he was a well-rounded player with a commitment to better tackling. His run-stopping
ability is one reason that he's seen as a second-round-to-later pick, but work
is being done.
"My cover skills and
my speed," he said, when asked about his best attributes as a player. "I
have the ability to stay with the receiver, running deep routes and short routes,
and I have the skills to cover them as well. Hands on receivers is by far my
Porter ended his college
career in the Insight Bowl, as the Hoosiers grew into a winner through his time
at Indiana. "My freshman year, there wasn't a real winning attitude at
the school," he recalled. "My sophomore year is when Coach (Terry)
Hoeppner and his staff came in and turned the program around. We won more games
each year we were there. My freshman year we won three, then four, then five.
This year we won seven and went Bowling. I definitely think we improved as a
team, and I got better as an individual."
Then, it was on to the Senior
Bowl, where Porter impressed in practices and in the game. His speed, agility
and quickness in backpedaling and turning to cover were all noted by analysts.
Now, with the draft quickly
approaching, the next question for Tracy Porter is, where is the best fit for
him? Could he shine as a nickel reserve in the Seattle secondary and perhaps
in special teams as well? He was, after all, a dangerous punt returner -- averaging
13.6 yards per return over the 2006 and 2007 seasons -- and his ability to play
tight coverage at times is a trait noticeably missing from Seattle's secondary
over the last few years.
Porter said at the Combine
that Indiana played a lot of quarters coverage -- a scheme that splits the coverage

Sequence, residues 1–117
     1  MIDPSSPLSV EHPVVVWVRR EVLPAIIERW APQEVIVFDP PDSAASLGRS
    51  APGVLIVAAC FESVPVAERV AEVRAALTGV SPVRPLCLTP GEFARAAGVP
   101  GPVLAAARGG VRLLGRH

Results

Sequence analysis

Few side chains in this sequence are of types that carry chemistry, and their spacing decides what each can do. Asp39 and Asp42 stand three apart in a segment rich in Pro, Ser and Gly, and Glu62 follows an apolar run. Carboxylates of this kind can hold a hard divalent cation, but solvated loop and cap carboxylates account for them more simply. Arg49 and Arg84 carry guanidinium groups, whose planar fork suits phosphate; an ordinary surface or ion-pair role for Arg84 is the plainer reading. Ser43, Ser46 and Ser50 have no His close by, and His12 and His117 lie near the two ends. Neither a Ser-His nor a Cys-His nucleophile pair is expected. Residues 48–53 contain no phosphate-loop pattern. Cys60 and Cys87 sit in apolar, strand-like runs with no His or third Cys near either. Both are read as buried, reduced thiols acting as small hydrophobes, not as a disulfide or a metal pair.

zones into fourths and afford cornerbacks less safety help than the traditional
Cover-2 defense -- and that this has allowed him to refine his solo coverage
abilities. It's a scheme that favors quick-reacting defensive backs.
According to former NFL
scout and current Scout.com Senior Analyst Tom Marino, tackling is still an
issue with Porter, though his other skills are solid. "He is fast, has
good feet, quick supple hips and can run with people down the field," Marino
said of Porter. "The big problem I saw is that he flat out won't hit anybody.
He is a poor tackler. He has very good skills but I also didn't think he competed
for the ball in flight. Punt return ability is a plus. I see him as a late first-day
guy with a chance to develop into a starter in time. A lot of coaches say cover
skills are what matter, but somebody has to tackle out there. If not, you better
have the skills of Deion Sanders!"
He may not be at that level
-- may not ever be -- but Tracy Porter will find a place in someone's secondary,
and he does fit the profile of cornerbacks Tim Ruskell has put on his draft
boards. Does it all add up? We can but wait and see…
Doug Farrar is the Editor-in-Chief of Seahawks.NET,
a staff writer for Football
Outsiders, and he writes NFL previews for the New
York Sun. Feel free to e-mail Doug here.